Five years ago, Columbia Business School Professor, Bruce Usher, watched in horror and frustration as millions of Syrian civilians were displaced from their war-torn country to find shelter in neighboring Jordan, Turkey, Europe and elsewhere.
We spoke with best-selling author and award-winning filmmaker, Sebastian Junger on helping veterans transition and integrate into the US after being overseas. His interview will be used in FourBlock, a career readiness resource to help veterans find their calling.
In addition to Junger, the edX online course, Find Your Calling: Career Transition Principles For Returning Veterans includes Columbia Business School Business Professor, Sheena Iyengar, author, “The Art of Choosing,” and one of the world’s experts on choice, and best-selling author, “Start With Why,” Simon Sinek,
Junger’s interview is so powerful and timely we want to share a few of the video highlights below. The other videos, equally powerful and informative, are embedded in the course and available for free for veterans and their families. Learn more here. Continue reading “Community Is Essential For Veterans To Feel Connected”
Almaz Ghebrezgabher, Co-Owner, Massawa Restaurant, is feeling a great sense of relief. After 30 years of cooking and managing the East African, Massawa Restaurant, with her husband, Amanuel Tekeste, she is expanding the restaurant, and turning the business over to her four children.
She has trouble articulating her happiness and feelings of accomplishment but when we watch her on the video, we share in her joy.Continue reading “Former African Taxi Driver Turns Her Successful Restaurant Over To Her Sons”
Every day at 6am the residents of Luang Prabang line up on the sides of the streets to offer food and alms to the Buddhist Monks living in nearby pagodas. It is an act of love and honor. The monks are not pitied, but revered. The person giving the alms is below the monk. The ritual is usually silent with a periodic smile, hello or thanks. We are human after all and sometimes crave a bit more connection and humor. Continue reading “Almsgiving As A Way Of Life: Luang Prabang, Laos”
The story is as old as America: the haves and the have nots. Mention “homeless,” people’s eyes glaze over, “can’t we talk about anything else?” But here we are. San Francisco. Visiting for work. We have been here numerous times over the past two decades for various work-related trips. There has always been a homeless problem in San Francisco, LA, San Diego. The temperate weather, decades-long failed government policy, are two of many reasons for the problem, but this last visit we felt things have gotten worse.
The city felt like a refugee camp of tens of thousands of mentally ill and addicted people roaming the streets. seeking shelter, while millions stepped over the bodies with their eight dollar artisanal lattes and $15 chia oatmeal on their way to work in the gleaming towers along Market Street and the Embarcadero. Continue reading “Inequality in America: Pictures From The San Francisco Frontlines”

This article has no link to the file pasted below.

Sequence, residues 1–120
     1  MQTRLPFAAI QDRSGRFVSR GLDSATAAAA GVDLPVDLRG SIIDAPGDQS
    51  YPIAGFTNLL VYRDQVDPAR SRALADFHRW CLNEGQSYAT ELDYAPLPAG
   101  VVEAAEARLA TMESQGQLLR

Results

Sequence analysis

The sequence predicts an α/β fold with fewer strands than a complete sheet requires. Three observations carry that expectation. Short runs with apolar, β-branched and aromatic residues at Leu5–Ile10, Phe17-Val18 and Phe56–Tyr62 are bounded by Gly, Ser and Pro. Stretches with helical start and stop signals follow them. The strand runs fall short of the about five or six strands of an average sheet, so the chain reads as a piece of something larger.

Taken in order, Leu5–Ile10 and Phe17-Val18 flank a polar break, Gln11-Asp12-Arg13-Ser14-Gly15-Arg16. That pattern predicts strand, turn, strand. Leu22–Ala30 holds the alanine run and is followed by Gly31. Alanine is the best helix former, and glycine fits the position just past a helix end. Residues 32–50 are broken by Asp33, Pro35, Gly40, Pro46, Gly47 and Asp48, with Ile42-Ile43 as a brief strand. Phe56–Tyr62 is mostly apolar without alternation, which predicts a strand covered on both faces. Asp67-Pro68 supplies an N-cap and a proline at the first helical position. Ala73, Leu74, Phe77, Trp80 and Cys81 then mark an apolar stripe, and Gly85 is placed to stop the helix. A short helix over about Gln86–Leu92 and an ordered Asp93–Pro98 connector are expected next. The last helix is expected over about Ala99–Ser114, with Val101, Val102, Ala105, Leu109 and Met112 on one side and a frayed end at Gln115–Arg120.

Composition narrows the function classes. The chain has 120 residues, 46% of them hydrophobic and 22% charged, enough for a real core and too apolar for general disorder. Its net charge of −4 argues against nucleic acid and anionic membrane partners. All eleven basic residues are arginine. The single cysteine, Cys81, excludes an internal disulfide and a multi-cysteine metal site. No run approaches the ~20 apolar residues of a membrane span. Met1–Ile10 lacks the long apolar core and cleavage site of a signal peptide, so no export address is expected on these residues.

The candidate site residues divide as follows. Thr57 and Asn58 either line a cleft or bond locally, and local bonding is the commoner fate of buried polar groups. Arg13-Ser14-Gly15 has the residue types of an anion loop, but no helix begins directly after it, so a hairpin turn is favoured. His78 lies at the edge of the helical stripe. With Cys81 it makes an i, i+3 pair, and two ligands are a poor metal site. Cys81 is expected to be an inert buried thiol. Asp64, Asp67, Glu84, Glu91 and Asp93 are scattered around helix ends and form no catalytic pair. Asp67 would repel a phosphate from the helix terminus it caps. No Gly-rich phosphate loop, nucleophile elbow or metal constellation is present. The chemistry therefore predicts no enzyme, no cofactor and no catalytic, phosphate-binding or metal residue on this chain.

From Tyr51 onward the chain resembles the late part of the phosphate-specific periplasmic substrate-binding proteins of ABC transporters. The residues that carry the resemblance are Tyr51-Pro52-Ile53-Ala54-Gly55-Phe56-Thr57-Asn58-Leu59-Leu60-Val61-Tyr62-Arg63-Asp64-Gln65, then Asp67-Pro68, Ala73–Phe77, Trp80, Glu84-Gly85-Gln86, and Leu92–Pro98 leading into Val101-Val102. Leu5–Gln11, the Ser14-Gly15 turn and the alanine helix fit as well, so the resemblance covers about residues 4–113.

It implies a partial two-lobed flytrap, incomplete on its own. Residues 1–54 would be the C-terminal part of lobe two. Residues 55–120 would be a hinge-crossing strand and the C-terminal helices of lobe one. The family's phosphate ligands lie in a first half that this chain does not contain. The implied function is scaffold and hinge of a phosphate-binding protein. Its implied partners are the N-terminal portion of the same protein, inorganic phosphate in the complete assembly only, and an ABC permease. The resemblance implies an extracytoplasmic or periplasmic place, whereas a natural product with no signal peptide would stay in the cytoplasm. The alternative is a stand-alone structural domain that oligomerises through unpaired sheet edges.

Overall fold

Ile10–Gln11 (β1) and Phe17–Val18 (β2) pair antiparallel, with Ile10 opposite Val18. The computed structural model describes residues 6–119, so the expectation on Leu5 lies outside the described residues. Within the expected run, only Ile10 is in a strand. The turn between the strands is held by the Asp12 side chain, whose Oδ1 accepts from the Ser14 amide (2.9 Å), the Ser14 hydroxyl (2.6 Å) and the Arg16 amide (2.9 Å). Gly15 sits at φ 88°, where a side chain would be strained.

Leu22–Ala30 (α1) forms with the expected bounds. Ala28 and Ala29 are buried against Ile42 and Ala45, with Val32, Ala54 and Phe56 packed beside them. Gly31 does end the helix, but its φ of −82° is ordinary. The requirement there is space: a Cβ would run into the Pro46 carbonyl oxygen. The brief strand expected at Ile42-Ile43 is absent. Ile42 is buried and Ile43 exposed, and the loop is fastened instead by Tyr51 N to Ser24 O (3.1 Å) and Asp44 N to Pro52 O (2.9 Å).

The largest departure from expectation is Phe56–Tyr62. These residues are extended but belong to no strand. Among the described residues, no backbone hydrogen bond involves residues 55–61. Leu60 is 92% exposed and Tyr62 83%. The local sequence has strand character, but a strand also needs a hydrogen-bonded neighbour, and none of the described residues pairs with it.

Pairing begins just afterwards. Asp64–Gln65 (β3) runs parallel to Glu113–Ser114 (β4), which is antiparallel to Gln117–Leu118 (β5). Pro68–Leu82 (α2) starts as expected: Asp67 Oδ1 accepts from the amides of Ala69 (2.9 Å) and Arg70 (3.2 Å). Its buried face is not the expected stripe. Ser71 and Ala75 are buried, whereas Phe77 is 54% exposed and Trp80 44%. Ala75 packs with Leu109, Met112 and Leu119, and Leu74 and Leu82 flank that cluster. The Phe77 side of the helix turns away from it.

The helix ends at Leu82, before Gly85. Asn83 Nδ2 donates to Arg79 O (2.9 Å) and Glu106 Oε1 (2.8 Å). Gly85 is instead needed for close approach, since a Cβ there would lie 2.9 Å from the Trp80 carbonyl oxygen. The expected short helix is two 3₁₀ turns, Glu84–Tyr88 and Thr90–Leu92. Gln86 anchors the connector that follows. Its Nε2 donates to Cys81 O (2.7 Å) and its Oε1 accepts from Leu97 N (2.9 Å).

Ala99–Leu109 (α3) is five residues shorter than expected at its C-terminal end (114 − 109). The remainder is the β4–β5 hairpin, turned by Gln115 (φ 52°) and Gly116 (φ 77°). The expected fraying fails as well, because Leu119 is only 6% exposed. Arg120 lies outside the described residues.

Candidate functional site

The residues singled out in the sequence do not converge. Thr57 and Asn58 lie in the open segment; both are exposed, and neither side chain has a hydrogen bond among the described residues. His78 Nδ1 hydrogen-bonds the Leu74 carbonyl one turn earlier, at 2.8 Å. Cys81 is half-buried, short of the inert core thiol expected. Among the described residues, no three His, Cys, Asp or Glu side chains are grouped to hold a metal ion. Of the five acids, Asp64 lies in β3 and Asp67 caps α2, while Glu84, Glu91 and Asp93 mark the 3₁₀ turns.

People can spend their entire lives in search for purpose. We understandably seek it in family, education, work that engages us. But sometimes that is not enough and some of us fall into a rut of the continuous grasping for power and prestige items like fast cars and McMansions that we think will satiate us and give our life purpose.
But the externals often fail to offer the balm we seek. Continue reading “Leadership In Africa: Are You Leading A Purpose-Driven Life?”
Deo was born into a loving yet poor family in Burundi. At the outbreak of the 1994 Hutu/Tutsi genocide in Rwanda/Burundi, Deo was attending medical school in Bujumbura, Burundi. One day a group of Hutus came to his dorm looking to kill any and all Tutsis. Deo hid under his bed. After the perpetrators left, he fled to the woods of Burundi and Rwanda where he hid, while witnessing senseless slaughter, for six months. Continue reading “Leadership In Practice: Rebuilding A Nation After Trauma”
Africa is a region that has long been on the radar of the international investment community. With the rise of mobile finance, agriculture and according to the UN, a labor force of 225 million young people ages 15-25, which is expected to 450 million by 2055, the continent is ripe for opportunities. Continue reading “Is Investing In Africa For You?”
Our students at Brownsville Collaborative Middle School address their peers on what they learned about making videos at The Campus, an after-school program that teaches tech and media skills to kids in the Howard Houses in Brownsville, Brooklyn. It is the first computer lab developed in public housing in the US.
Founded by Senator Jesse Hamilton (D),
to address this systemic problem of inequality, Senator Hamilton assembled teachers and community leaders to bring tech resources to Brownsville.
We spent an academic year teaching kids about storytelling through photography and video. Their stories and observations can be seen on their blog: Brownsville Visible
In addition to the blog, check out the video below to learn what Emoni, Tyrese, Isiah and Kymani learned in making their stories.
To see the student videos, click on the links for the Brownsville Barber Guru and the interview with Local Hero, Brownsville Collaborative Middle School Principal, Gregory Jackson.
Serial entrepreneur and Managing Partner, One Way Ventures, Semyon Dukach, creates a VC fund to support immigrant entrepreneurs. Continue reading “VC Fund Supports Immigrant Entrepreneurs”